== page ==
"One of their goals is to sort of train us and make us household names," he said. "And to be able to market ourselves as the fans watch us progress through our careers."
Self was honored to be chosen for the group.
"That, off the track, was the biggest point of my career since I got the Champ Car scholarship," he said.
He hopes fans appreciate his no-holds-barred racing style and support him in the coming years.
"Full throttle, wide open"
Self has ruffled plenty of feathers with his competitive fire over the years. Most recently, he took some criticism for his win in Lebanon.
"There were three laps left to win and we were three wide going for the lead," he said. "We went three wide into the turn and the two guys outside of me ended up getting spun (into the wall)."
He said he understands why there might be some hard feelings from the two who wrecked, but he's not sorry.
"I'm never going to take the blame or say I'm sorry for it," he said. "That's hard racing. That's what you have to do to win."
Though quotes like that might bring to mind the late Dale Earnhardt, who earned the nickname "The Intimidator" because of his ruthless tactics, Self would rather not draw comparisons to other drivers.
"I don't really want to be compared to anyone," he said. "I want people to think I have my own unique style."
He said his crew chief, Steve Portenga, found the perfect song to describe his racing style "The Only Way I Know" by Jason Aldean.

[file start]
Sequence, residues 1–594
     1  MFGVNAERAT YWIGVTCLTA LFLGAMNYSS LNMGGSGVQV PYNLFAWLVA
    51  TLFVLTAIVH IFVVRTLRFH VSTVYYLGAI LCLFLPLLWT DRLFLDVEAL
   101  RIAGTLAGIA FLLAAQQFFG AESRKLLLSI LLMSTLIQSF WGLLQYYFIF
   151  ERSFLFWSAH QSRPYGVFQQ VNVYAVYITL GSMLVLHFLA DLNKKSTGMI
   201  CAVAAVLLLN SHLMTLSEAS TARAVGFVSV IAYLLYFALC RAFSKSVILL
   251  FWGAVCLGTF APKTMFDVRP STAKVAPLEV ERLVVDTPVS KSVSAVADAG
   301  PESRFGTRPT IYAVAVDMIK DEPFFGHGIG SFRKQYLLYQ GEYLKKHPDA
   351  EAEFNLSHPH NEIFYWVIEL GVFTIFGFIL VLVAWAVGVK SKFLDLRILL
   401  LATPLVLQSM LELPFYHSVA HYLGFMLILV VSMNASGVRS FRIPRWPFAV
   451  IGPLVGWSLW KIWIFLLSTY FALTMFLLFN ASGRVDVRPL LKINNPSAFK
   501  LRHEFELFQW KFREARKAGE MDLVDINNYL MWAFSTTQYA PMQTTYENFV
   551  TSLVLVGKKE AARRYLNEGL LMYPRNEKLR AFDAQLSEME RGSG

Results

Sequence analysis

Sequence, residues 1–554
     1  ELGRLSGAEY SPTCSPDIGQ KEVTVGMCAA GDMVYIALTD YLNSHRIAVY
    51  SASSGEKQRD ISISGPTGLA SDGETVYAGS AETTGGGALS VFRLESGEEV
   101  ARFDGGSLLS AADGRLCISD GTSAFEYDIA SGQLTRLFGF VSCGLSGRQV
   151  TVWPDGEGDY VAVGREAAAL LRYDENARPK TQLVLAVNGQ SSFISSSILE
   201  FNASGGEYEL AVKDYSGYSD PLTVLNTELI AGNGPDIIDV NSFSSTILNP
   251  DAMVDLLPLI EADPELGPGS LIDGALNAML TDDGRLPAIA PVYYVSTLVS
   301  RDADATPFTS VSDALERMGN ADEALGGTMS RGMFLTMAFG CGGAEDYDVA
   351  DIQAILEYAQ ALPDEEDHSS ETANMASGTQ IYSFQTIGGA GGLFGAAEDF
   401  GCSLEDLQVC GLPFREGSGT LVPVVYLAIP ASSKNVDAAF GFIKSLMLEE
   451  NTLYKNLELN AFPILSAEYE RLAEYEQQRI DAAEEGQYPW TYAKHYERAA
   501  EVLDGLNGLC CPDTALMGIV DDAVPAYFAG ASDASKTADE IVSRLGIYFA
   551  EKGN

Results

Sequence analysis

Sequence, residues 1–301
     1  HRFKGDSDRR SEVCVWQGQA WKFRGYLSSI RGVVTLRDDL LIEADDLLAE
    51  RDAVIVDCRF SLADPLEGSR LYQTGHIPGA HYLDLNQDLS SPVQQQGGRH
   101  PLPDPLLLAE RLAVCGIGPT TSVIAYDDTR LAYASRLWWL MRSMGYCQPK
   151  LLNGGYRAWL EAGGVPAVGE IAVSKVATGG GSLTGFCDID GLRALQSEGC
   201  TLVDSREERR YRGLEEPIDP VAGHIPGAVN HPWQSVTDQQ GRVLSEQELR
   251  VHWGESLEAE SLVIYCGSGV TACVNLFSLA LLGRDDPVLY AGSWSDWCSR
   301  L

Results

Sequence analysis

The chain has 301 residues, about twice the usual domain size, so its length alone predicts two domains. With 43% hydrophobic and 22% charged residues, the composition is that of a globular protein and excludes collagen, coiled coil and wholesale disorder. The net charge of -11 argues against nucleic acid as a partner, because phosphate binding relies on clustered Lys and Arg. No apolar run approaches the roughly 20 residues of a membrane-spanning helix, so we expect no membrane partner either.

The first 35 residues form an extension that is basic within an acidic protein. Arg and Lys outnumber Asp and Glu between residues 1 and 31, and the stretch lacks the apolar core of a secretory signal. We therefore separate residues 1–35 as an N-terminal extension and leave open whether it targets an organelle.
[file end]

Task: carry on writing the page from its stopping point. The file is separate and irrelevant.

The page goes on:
With lyrics like "Straight ahead, never turn round. Don't back up, don't back down. Full throttle, wide open," it's easy to see why the song fits.
"I only know one way to race," Self said. "(Portenga) said, 'You're never off the throttle, you only know one speed and you never back down.' I've never, ever in my career been told, 'You need to get going. You need to go faster.' It's always been 'OK, we need to pull the reins back a little bit.'"
Going for four
Now that Self has a winning streak, he's going to do everything in his power to keep it going. After all, that's what it takes to earn sponsorships (he's currently sponsored by iON Cameras, the Rockwell Time watch company, his father's business Self Plastic Surgery and Golden Gate Meat Company, among others).
He said the drive for a championship has consumed him.
"I've never led the points standings before now," he said. "I want it so bad. Prior to this year, I'd wake up and go through my day-to-day activities. But now I wake up and every minute of the day I'm thinking about this championship and what I have to do to win Sonoma this weekend."
Self will take the track in Sonoma today hoping to extend his one-point lead in the season standings over Derek Thorn.
"This is one of those races that can really make or break someone's season," he said. "Hopefully we can come out of there with the points lead. A win would be huge for us."
And a win isn't out of the question for Self, especially when the race is on a road-style track, something he's very comfortable with from his years of go-kart racing. (Road-style tracks feature several winding turns, differing from the oval-track races many fans are accustomed to seeing.)
"The road courses are like going home to me," he said. "I've got such a good feel for those."
If he can win in Sonoma, he might just come home to Park City with yet another trophy to add to his collection.